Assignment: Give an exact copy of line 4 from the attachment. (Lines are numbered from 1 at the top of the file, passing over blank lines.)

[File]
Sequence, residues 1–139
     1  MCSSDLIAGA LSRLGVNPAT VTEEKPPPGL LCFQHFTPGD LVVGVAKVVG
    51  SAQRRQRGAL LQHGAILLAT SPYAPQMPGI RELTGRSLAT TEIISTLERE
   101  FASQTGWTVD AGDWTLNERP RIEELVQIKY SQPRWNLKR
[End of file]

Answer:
   101  FASQTGWTVD AGDWTLNERP RIEELVQIKY SQPRWNLKR